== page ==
I was presenting at a panel at the Media and Civil Rights Symposium at the University of South Carolina. I noticed that one of my fellow panelists was from a small college in my home county. I quickly ran up to him and shared that I was from a small town near the college he taught at. At the end of our conversation about history and Central Pennsylvania, he looked at me and said, “it’s good to see a local kid actually do something.” While he certainly meant it as a compliment, my first thought was “fuck you.” This comment sowed the seeds of the bitter chip I was developing on my shoulder.
In college, the micro-aggressions weren’t so noticeable. They came out when anyone familiar with my Central Pennsylvania hometown responded with an “ugh” upon meeting me. When friends of mine would shame people for smoking cigarettes or drinking soda, I would internalize this disapproval. I quickly learned not to say “cuss” or talk about my love of NASCAR racing. I spent my time trying to find my place in Philadelphia and crush my origins under books and my love of history. My senior year of college I took a small interdisciplinary research seminar, the kind of class that sticks with you for years afterwards. I was in the midst of applying to graduate schools, when my professor tried to explain some unknowable, intangible quality of graduate students and academia that wasn’t and couldn’t be taught at my working-class public university. At the time, I had no idea what she was talking about.
That fall, I entered a M.A. program at an SEC school. Even at a large public university in the deep south, most of the graduate students came from high-ranking public schools and liberal arts colleges. I didn’t. Most of my peers had parents who were professors or lawyers or professionals. I was raised by a medical scheduler, a mechanic, and a farrier. My grandparents lived in a house trailer in the woods of Edenton, North Carolina, for much of my childhood. There were no concrete or tangible disadvantages to having a working-class background, or for being from towns that elicited an “ew” from anyone in the know. But I very clearly lacked something, something that united my colleagues and resulted in a confidence of place and belonging that I would never have. My differences — in public education and cultural knowledge — couldn’t be undone, but I could learn how to hide them. In my personal life, I wore them like a badge of honor — but I also wanted to get an academic job someday.
I bought The Professor Is In by Karen Kelsky, a terrifying book full of blunt (and much needed advice) about navigating the academic job market. While the author gives outspoken advice about the struggles of the job market, particularly for women, she also implicitly argues for the importance of hiding one’s class. She wrote about clothing and makeup and speaking patterns in women. Around the time I read this book, I realized that I, for a lack of a better term, code “white trash.” I have bad teeth, frequently say “ya’ll” and “how come,” and have a habit of running around South Philadelphia in a Dale Earnhardt Jr. t-shirt. It is one thing to have your hometown judged by your peers, but it is quite another to realize that qualities you possess, habits born of a lifetime that you don’t even realize you have, make you read as unqualified or unfit for your chosen profession.
But you can’t go home either, as they say. The more formal education I acquired, the larger the gap between my family and I became. My parents are incredibly proud of me and have never been anything other than supportive. But everyone from cousins to former employers have insinuated that I am arrogant because I left my small town for the city and enrolled in a Ph.D program. Why couldn’t I get a real job in the Harley Factory? What could you even do with a history Ph.D anyway? And most common of all, was I ever coming home? Slowly I realized the answer to that question had to be no.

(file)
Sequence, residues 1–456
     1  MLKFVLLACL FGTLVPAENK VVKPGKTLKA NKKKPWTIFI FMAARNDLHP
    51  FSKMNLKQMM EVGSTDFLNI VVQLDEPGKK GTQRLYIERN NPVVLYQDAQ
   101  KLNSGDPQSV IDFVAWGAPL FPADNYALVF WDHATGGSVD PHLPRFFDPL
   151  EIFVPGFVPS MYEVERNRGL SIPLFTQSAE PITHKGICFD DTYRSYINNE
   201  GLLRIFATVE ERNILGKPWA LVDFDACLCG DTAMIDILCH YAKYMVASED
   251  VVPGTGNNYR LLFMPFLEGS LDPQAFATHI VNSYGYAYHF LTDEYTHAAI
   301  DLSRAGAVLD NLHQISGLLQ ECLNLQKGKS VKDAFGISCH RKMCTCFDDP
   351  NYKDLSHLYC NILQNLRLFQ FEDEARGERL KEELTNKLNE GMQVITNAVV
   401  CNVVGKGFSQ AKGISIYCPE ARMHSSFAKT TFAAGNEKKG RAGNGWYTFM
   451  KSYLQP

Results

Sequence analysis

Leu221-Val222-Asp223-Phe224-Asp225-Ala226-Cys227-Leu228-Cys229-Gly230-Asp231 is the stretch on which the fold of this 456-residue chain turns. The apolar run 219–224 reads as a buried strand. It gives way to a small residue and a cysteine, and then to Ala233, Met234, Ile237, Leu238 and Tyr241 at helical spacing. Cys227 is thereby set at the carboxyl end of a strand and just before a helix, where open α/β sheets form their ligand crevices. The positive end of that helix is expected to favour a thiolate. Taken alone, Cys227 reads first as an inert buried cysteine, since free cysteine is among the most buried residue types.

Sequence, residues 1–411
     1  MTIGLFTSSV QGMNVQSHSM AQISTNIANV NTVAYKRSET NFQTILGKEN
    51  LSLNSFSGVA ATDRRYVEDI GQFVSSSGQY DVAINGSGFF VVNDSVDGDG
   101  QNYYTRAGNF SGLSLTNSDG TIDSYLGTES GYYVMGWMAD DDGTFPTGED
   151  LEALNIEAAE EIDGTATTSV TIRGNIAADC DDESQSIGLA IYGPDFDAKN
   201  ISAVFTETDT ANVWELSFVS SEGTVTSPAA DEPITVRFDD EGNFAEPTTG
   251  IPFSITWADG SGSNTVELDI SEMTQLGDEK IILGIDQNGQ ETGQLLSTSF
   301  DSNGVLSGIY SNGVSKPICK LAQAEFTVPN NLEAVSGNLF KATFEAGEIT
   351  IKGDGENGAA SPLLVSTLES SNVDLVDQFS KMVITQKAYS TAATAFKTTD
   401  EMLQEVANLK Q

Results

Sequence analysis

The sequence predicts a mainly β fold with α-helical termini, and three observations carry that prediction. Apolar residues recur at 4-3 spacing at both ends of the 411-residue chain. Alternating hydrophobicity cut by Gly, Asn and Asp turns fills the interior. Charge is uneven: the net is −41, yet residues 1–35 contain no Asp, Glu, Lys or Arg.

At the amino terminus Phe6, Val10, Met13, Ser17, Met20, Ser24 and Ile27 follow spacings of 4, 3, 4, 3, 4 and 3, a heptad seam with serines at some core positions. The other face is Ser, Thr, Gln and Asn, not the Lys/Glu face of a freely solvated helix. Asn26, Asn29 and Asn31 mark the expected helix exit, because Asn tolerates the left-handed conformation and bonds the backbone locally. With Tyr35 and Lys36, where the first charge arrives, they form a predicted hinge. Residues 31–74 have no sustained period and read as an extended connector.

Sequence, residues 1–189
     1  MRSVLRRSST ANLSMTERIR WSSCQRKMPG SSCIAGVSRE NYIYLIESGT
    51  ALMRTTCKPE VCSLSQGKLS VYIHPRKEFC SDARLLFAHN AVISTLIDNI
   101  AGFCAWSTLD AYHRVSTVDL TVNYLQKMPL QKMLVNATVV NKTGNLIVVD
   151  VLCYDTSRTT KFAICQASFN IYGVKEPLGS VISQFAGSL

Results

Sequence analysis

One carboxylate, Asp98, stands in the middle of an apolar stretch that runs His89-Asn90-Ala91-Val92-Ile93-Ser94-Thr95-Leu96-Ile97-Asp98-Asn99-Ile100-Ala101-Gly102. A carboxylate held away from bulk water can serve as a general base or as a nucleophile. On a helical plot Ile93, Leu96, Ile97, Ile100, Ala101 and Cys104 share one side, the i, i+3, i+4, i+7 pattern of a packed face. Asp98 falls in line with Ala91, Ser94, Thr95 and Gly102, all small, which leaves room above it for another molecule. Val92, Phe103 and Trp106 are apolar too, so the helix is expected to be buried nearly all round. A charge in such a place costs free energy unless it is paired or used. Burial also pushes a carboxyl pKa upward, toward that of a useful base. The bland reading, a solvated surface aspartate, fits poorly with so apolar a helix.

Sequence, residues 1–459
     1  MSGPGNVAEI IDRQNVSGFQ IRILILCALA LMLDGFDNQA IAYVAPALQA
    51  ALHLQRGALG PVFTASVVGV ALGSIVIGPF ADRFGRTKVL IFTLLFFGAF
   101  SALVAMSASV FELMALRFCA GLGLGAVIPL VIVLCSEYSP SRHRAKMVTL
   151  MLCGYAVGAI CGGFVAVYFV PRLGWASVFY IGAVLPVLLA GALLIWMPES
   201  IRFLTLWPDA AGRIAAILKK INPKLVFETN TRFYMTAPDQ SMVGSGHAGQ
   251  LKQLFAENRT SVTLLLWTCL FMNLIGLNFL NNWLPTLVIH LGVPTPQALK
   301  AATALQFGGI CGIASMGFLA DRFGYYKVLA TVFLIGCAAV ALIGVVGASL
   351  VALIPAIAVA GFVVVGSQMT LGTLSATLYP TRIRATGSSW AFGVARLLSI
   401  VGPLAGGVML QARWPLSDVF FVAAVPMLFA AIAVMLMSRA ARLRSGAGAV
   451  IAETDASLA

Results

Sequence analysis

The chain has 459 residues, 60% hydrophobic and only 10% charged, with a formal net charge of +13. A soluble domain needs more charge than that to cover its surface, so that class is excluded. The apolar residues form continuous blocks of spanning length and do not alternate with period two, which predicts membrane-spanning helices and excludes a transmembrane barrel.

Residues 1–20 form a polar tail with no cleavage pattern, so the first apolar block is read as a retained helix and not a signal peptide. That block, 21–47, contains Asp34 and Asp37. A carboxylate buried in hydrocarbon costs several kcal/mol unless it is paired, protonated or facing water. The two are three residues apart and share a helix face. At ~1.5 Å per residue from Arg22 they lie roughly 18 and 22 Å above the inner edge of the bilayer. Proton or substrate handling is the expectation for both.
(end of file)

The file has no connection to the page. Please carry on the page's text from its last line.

Coming home still feels like a relief, a break from a life of pretending. But very gradually, my life has become very different from that of my family and old friends. We no longer watch the same TV or drink the same beer or read the same books. It takes a good week to get acclimated to the Folgers coffee my mom still buys. And many of my friends have no frame of reference for my chosen career, having never gone to college or even finished high school themselves. And sometimes my liberal and quasi-socialist opinions run up against those of the people in my hometown. How can I contest their sometimes racist, homophobic, or anti-intellectual opinions without confirming their stereotypes about who I have become, an elitist snob from the city?
The result is an in-betweenness, a lack of belonging. I will never fully belong in the world of academia, and frankly I don’t want to. But I also no longer fully belong at home. And I can’t complain (nor do I want to). I am incredibly lucky. I graduated from a high school where many students never see a community college or a technical school, much less a Ph.D program in the humanities. I am the dream, the local kid who did good. But nobody tells you what it’s like, the incredible loneliness that accompanies that kind of class jumping that many people dream of.
So, I continue to pull out that well-worn Dale Earnhardt t-shirt. I wrote the majority of my M.A. thesis while listening to Tim McGraw, and am in fact listening to him as I write this essay. And Barnes and Noble still seems to me like an intellectual mecca, “the city on the hill.” After all, Flannery O’Connor once wrote “when in Rome, do as you done in Milledgeville.”